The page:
Many things have been written about Thimphu. It is easy to find lists telling you the ten best things to do in Thimphu. All of them miss out on the most fun thing to do: play carrom at night with the locals. Back from Bumthang, we were feeling warm in Thimphu. After dinner we started looking for ice cream, and wandered into a street lined with carrom boards, all in use.
There were groups of young men playing. This is a game all of us had grown up playing, and it was fascinating. The Family noticed that there was no female player. “Why,” she asked, and did not stay for an answer.
We stopped at some of the games to comment on the technique and play. We were not the only ones. Several boards were crowded with onlookers and kibitzers. In India, any carrom board attracts its share of people who give unwanted advice: kibitzers. Bhutan was no exception. If we knew Dzongkha we would have joined in. At some point we did discuss the finer points of strategy on one of the boards. Since we spoke English, and the players did not, we managed not to give away a national advantage.
If you are in Thimphu one night, you can have a good time joining one of these groups to play carrom.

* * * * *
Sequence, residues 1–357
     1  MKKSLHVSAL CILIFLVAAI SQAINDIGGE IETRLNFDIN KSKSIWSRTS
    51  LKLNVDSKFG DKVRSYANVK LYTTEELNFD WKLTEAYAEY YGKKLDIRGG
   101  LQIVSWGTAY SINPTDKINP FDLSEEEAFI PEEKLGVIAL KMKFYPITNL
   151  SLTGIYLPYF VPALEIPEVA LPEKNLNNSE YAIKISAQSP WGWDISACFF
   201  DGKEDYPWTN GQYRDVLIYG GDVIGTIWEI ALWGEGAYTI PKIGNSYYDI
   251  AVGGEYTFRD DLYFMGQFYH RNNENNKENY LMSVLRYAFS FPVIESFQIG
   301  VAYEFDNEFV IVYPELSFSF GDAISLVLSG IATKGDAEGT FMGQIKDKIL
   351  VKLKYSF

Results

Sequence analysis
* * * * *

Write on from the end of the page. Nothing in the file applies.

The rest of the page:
When you travel across the eastern Himalayas you cannot help but notice the popularity of carrom. In Thimphu we found a street lined with carrom boards after dark, each board had a game going on. It’s hard to be excited by a game of carrom unless you have been exposed to it since your childhood. In the streets of Thimphu no game was without a little band of appreciative spectators. The photo above was taken at mid-day near the Reshi hot springs in Sikkim. We saw similar scenes in Meghalaya, Arunachal Pradesh, parts of Assam, and even as far away as Tripura.
Football is tremendously popular as a sport in the hills. One can understand that in the narrow ledges on hills it might be difficult to kick a ball around in an impromptu game of football. Cricket is not very popular; presumably a boundary would not be hard to score. Archery is a widely practised competitive sport in the hills. But these are not games you sit down to with a bunch of friends.
Chinese pavements are full of games which often attract large audiences. Sometimes they seem to be strategic board games of various kinds, but often they are games of luck: cards, for example. The Chinese way of life involves accepting luck as a cosmological principle. Perhaps the Himalayan cultures, with their guardian deities, are different?